From surviving to thriving as a hardware startup – ProWellTech
Six strategies from Minut CEO Nils Mattisson
When a friend forwarded this tweet from Paul Graham, hit near home:
Startups are prone to something akin to infant mortality: before they’re established, something that goes wrong can kill the company. Hardware companies appear to be prone to infant mortality throughout life.
I think the reason is that the evolution of the product is so discontinuous. The company has to keep shipping and customers keep buying new products. Which in practice is like relaunching the company every time.
I don’t know if there is an answer to that, but if there was a way for hardware companies to evolve more like software companies do, they would be much more resilient.
Looking back on our startup trip to Minut, I remember several moments when we could have died. However, by surviving several near misses we have learned to deal with these challenges and have become more resilient over time. While there will never be a completely comprehensive answer, here are some of the lessons we’ve learned over the years:
Subscription revenue is the only revenue that matters
While it’s possible to sell hardware on a margin and make significant upfront revenue, it’s not a sustainable business model for a company that requires both software and hardware. You cannot cover a permanent commitment with a limited amount of money.
Many hardware companies don’t consider subscriptions early enough. While it can be difficult to command a subscription from the start (if you can, you may have waited too long for it to start), it must be in the plan from the start. Look for markets where paying for subscriptions is the norm rather than markets that operate on a one-time sales model.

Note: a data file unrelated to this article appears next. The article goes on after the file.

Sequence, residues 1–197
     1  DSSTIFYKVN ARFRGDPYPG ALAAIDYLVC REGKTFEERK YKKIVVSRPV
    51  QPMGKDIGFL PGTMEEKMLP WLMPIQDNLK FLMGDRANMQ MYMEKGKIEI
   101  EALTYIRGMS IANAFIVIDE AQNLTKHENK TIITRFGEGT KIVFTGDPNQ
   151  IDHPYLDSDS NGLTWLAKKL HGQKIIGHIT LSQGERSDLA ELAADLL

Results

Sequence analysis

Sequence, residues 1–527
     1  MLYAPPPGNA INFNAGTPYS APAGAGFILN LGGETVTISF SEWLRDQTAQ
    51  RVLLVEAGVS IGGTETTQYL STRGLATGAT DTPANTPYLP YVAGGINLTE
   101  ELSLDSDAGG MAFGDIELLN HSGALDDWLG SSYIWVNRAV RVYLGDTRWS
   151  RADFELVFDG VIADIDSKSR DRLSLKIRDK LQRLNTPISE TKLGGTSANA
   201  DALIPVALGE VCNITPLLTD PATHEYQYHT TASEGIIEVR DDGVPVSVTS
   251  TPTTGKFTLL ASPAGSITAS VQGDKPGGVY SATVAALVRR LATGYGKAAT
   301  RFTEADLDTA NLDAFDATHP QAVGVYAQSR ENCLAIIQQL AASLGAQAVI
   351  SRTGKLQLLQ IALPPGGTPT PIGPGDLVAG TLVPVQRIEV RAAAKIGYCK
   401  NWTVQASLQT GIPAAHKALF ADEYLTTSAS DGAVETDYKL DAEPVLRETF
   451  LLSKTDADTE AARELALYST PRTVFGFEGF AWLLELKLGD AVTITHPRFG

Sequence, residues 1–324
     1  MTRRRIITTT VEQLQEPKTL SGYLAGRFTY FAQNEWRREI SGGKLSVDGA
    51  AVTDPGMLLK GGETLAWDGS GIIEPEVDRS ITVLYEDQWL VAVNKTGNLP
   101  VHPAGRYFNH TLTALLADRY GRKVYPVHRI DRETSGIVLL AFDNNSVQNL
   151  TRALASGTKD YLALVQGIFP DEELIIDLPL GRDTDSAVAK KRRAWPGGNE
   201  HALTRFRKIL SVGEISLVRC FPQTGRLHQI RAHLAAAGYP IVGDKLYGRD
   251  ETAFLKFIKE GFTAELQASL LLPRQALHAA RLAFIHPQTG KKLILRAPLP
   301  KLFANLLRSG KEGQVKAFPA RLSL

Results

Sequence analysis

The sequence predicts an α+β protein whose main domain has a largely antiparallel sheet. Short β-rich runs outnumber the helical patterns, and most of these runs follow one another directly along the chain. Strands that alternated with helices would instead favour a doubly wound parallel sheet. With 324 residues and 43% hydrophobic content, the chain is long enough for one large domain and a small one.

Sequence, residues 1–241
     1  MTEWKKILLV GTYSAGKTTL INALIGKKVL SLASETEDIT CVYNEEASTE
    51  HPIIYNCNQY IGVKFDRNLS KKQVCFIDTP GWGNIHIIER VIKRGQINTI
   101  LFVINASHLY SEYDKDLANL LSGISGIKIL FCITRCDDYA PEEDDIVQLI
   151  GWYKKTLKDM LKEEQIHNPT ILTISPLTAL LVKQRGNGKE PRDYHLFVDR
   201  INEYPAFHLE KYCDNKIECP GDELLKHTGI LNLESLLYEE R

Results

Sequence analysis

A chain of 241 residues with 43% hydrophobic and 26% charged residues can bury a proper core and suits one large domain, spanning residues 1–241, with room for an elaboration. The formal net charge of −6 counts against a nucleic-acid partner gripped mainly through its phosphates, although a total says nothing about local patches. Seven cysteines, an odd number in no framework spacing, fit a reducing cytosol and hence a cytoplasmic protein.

Set high margins and earn them over time
It’s tempting to set low prices for hardware to attract customers, but you should initially do the opposite. Margins allow you to correct errors. A missed deadline could mean you have to opt for air freight rather than ship. Parts may need to be scrapped or purchased dearly in a supply crisis. Surprises are rarely good and you don’t want to use your venture capital to pay for them.
Healthy margins can also be used to cover marketing costs as you learn what kind of messaging works and what channels you can sell. If that’s not reason enough, starting with relatively high prices will help you avoid another common mistake, selling too much at launch.
This might seem counterintuitive – why wouldn’t you want a big hit outside the gate? The reason is that you will inevitably make mistakes with your first few rolls and the bigger the throw, the greater the hit. There are many companies that have had incredible crowdfunding success and then failed to deliver even the first units. Startups tend to chase growth at all costs, but for hardware startups in the early years, there’s such a thing as a too good thing.